Shipping containers for housing?
Steel boxes may be solution to shortage
This lot on the 3300 block of 7th Street NE, in Washington, D.C., will soon be home to a building made of retired shipping containers. A view of the construction site from a neighbors front porch is seen on July 17, 2014. Illustrates CONTAINERS (category a), by Michael Laris (c) 2014, The Washington Post. Moved Sunday, July 20, 2014. (MUST CREDIT: Washington Post photo by Bill O'Leary)
In Dundalk, Md. on July, 17, 2014, terminal manager Bill Creese spray paints a shipping container which is being readied for placement on a lot in Washington, D.C. Discarded shipping containers are being eyed as a solution to the shortage of affordable housing. Illustrates CONTAINERS (category a), by Michael Laris (c) 2014, The Washington Post. Moved Sunday, July 20, 2014. (MUST CREDIT: Washington Post photo by Bill O'Leary)
They are the building blocks of the global economy, 20 million big steel boxes sloshing across oceans on mammoth container ships.
Starting yesterday, the first of 18 dented outcasts were set to be stacked in a dug-out Washington, D.C., basement, turning a deteriorating student group house into an experiment in creating eye-catching housing, fast and on the cheap.
Among the questions raised: Can hundreds of thousands of discarded sea containers, long talked up by designers, really help create more affordable housing, or is it mostly a gimmick? And just how do you bring humanity to the confines of an 8-by-40-foot box?
If the economics work and people actually enjoy living in lovingly repurposed steel husks, the architects on the project have bigger dreams, including floating hundreds of sea container apartments on a barge in the Potomac River and creating a homeless village on the river to serve Georgetown.
First, though, things have to go smoothly this week in a booming swath of the District just down the street from Catholic University, where theology graduate and former fullback Matthew Grace, 31, and his business partner and Cardinals teammate Sean Joiner, 31, are living with the anxiety-inducing results of a decision they made on a snowy day last winter.
Instead of fixing up the aging rental house they bought in 2009 as moonlighting real estate investors, they tore it down. For years, the young real estate entrepreneurs had been tapping the architectural mind of Grace’s fiancee for free: wall colors, building materials, general notions about design. Grace had met Kelly Davies at Catholic and traveled with her and architecture lecturer Travis Price, to Ireland, where Price had taken students on a design expedition he started decades ago.
Davies, the project architect, can sound euphoric describing what they’ve done to try to bring the rusted boxes to life. The container doors will be welded open, to create shade fins, and replaced by windows that stretch nearly 9 feet from floor to ceiling. Another full-length window will sit opposite a mirrored wardrobe in each container/bedroom.
“It’s going to make the container feel like it’s not this long corridor. It’s a full explosion into the outdoors,” Davies said.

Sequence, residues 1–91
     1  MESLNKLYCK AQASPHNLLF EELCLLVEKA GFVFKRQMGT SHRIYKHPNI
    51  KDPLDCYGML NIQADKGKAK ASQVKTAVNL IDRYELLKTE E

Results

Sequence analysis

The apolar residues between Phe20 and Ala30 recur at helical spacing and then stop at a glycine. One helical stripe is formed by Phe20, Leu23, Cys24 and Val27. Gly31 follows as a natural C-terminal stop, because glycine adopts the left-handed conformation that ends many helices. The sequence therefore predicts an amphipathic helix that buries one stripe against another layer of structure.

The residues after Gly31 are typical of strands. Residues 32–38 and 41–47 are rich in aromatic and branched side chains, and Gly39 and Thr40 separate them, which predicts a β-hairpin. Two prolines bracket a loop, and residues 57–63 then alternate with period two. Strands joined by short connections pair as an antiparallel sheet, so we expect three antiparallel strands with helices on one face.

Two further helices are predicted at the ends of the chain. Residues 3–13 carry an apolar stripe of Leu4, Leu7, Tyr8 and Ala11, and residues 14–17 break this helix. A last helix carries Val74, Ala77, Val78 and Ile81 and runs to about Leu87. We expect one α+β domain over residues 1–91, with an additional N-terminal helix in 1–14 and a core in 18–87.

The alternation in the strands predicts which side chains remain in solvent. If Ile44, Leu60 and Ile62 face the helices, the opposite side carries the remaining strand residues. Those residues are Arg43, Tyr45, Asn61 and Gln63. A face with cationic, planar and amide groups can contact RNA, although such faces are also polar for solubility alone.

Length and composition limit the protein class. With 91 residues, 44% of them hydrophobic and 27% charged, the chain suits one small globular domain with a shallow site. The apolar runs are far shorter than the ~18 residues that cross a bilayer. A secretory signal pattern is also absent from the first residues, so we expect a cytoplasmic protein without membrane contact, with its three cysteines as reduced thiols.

Workers in Baltimore cut steel panels from the containers so there will be open space for a kitchen and living room when the containers are pushed together.
The containers will be on three levels, six containers per level, with a cellar unit. Each of the four floors is designed as a single apartment, each with six bedrooms and six bathrooms.
Walls to the outside from the main living areas will be made of a kind of translucent plastic that’s used for greenhouses. A stair tower and addition will be covered with the same Polygal material. “It’s like a giant night light,” Davies said.
The containers will have sound and heat insulation, birch plywood walls and the original marine-grade plywood floors that once carried cheap goods to American shores.
Older containers can sell for $2,000, though project backers won’t say how much they’re spending overall or charging for rent. The apartments are open to all, but are being grabbed up by students from Catholic because of the convenience, Price said, and most of the units are already taken.
“We budgeted a target that was very low compared to conventional construction, and we’re hitting it,” Price said. If they stay on pace, more radical things are possible, he said.
Small successes can beget bigger ones, Price said, just as the little solar house he built in the ’70s was followed by a million-square-foot version in Tennessee years later.
Price is searching for land along the Potomac for his next dream project: a multistory sea-container apartment complex floating on a massive barge. “Sort of Sausalito meets Holland meets D.C., maybe down by the Nats,” Price said. “It’s sort of like Watergate for the masses, on water.”
City officials were noncommittal, saying that such ideas are fascinating but that they’d need to know more.
“When we’re presented with these kinds of questions, the first thing we’re going to do is see if the code will allow them,” said Matt Orlins, spokesman for the Department of Consumer and Regulatory Affairs.
After the containers are welded together this week, the remaining construction is set to be competed by the end of August.